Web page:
We then investigated whether YFV infection promotes contact between pDCs and Huh7.5 cells. Infected Huh7.5 cells were identified by the presence of viral RNA (vRNA), which was detected using RNA fluorescence in situ hybridization (FISH) approach coupled with immunofluorescence and confocal microscopy. The FISH probe produced no signal in non-infected control Huh7.5 cells (Fig. 2B, upper panels) and a bright punctate signal in the cytoplasm of infected cells (Fig. 2B, lower panels), confirming the specificity of the probe. The analysis revealed that around 15% of non-infected Huh7.5 cells were in contact with at least one pDC (Fig. 2B,C). When infected for 40 hours, significantly more Huh7.5 cells (around 35%) were in contact with at least one pDC (Fig. 2B,C). Of note, by contrast with non-infected cells, the majority of infected Huh7.5 cells exhibited contacts with more than one pDC (Fig. 2B). These data suggest that YFV infection stimulates and/or prolongs contacts between the two cell types.
Scanning electron microscopy (SEM) analyses revealed that pDCs were connected to Huh7.5 cells, even in the absence of the virus (Fig. 2D), confirming confocal analysis (Fig. 2B, upper panels). Filopodia-like structures, which might originate from both cell types, were observed between pDCs and Huh7.5 cells, infected or not (Fig. 2D,E). These filopodia-like connections were present at all cell-cell contacts. Objects reminiscent of viruses, sometimes associated in clusters, were observed in the vicinity of, or on, these cell-cell connections (Fig. 2E, middle panels, white arrows). Immunogold labeling showed that these viral-like particles were positive for YFV Env (Fig. 2E, bottom panels, black arrows and Fig. S2). Since tight contact with infected cells is required for the stimulation of pDCs (Fig. 2A), these connections might provide the channel through which viral material is transferred from infected cells to pDCs.
pDCs stimulated by infected Huh7.5 cells are positive for YFV RNA
vRNAs are natural ligands for TLR726,27. FISH approach coupled with immunofluorescence and confocal microscopy was used to detect the presence of vRNA in the cytoplasm of pDCs that were in close proximity of infected Huh7.5 cells (Fig. 3A). Z-sections that crossed pDC full-volume were acquired and 3D rendering of these sections were generated to enable a comprehensive localization of vRNA and Env signals (Fig. 3A). Both vRNA and Env seemed to be associated with pDCs in contact with infected Huh7.5 cells (Fig. 3A, red and green arrowheads, respectively). Some vRNA molecules were associated with viral Env (Fig. 3A, bottom panels, orange arrowheads). Comparison of opaque with see-through rendering of the 3D images was used to determine whether vRNA and Env molecules were inside pDCs (Fig. 3B). Signals that appeared in the see-through rendering, but not in the top- or bottom-views of the opaque rendering, were considered internalized by pDCs (Fig. 3B, bottom right panel, white arrowheads). Env signals observed around pDCs represent virions in the cytoplasm of Huh7.5 cells, which are underneath pDCs, as depicted in Fig. 3C. Quantification analysis based on comparison between opaque and see-through renderings of the 3D images revealed that the vast majority (around 97%) of pDCs that were in close proximity of infected Huh7.5 cells contained at least one molecule of vRNA (Fig. 3D). On average, 8 molecules of vRNA were detected in the cytoplasm of these cells. 77% of pDCs in contact with infected cells were positive for the viral Env (Fig. 3D). Around 1 in 8 vRNA molecules were associated with viral Env, suggesting that the majority of vRNAs present in pDC cytoplasm were at a post-fusion stage at the time of the analysis. Alternatively, vRNA may be internalized in pDCs without being associated with viral envelope.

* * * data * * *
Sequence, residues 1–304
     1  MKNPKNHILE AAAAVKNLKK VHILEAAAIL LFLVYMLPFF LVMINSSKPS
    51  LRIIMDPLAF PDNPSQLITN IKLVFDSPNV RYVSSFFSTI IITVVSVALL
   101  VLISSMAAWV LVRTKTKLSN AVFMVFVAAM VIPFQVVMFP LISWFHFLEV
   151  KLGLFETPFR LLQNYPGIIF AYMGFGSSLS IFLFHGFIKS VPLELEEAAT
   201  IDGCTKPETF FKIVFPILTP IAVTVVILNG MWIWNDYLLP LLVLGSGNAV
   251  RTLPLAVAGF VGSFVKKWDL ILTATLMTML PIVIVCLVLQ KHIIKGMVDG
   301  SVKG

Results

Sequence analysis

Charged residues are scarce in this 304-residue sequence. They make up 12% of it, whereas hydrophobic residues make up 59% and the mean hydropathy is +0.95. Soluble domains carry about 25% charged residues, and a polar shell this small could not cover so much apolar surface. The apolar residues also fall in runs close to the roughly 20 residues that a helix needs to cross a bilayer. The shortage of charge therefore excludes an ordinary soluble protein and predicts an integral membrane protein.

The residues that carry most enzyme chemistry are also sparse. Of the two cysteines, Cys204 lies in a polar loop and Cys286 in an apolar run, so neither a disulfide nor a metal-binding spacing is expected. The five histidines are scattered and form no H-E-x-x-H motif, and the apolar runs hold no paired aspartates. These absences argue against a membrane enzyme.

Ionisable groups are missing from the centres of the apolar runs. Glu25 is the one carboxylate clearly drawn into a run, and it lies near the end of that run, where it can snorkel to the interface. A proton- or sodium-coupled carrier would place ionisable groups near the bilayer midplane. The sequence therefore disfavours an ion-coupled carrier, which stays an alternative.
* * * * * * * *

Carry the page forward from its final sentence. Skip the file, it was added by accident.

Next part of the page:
To determine whether pDCs that were positive for vRNA were stimulated, infected Huh7.5 cells co-cultured with pDCs were processed for FISH and stained with antibodies recognizing all IFN-α subtypes, at the exception of IFN-α2b (Fig. 4A). Quantification analysis revealed that 81% of IFN-α-positive pDCs in contact with infected Huh7.5 cells contained at least one molecule of viral RNA (Fig. 4A,B). pDCs positive for IFN-α but negative for vRNA may be stimulated in a autocrine manner by IFN-α or IFN type III. Of note, pDCs positive for IFN-α were often multinucleated (Fig. 4A). We have previously observed similar nuclear morphological changes in pDCs stimulated by cell-free Human Immunodeficiency Virus 1 (HIV-1)28. Our microscopic analysis was performed only on pDCs that were bound to Huh7.5 cells. To determine the proportion of stimulated cells within the whole pDC population (pDCs attached to Huh7.5 cells and pDCs in suspension), FISH coupled with flow cytometry (Flow-FISH) was performed29. We first assessed the specificity of the probes targeting vRNA and mRNA of human IFN-α subtypes 1 and 2 by Flow-FISH assays in Huh7.5 cells infected for 24 hours with YFV. More than 90% of infected Huh7.5 cells were positive for vRNA (Figs 4C and S3). Infected Huh7.5 cells were negative for IFN-α mRNA (Figs 4C and S3), confirming IFN-α ELISA analysis (Fig. 1C). When co-cultured with pDCs, around 70% of infected Huh7.5 cells were positive for vRNA (Figs 4C and S3), which is less than in the absence of pDCs. Albeit this difference is not statistically significant, it could be explained by the antiviral activity of the IFNs produced by pDCs. When mixed with infected Huh7.5 cells, around 7% of total pDCs were positive for vRNA and 6% for IFN-α mRNA (Figs 4C and S3), indicating that only a small fraction of pDCs were stimulated. Around 60% of stimulated pDCs were positive for vRNA (Figs 4C and S3). Again, pDCs positive for IFN-α but negative for vRNA might have been stimulated in an autocrine manner by IFNs. Together, these experiments indicate that the vast majority of pDCs connected to infected cells contained at least one molecule of vRNA, whereas a minority of the total number of pDCs contained vRNA, confirming that cell-cell contact greatly facilitate intercellular transfer of immunostimulatory RNAs.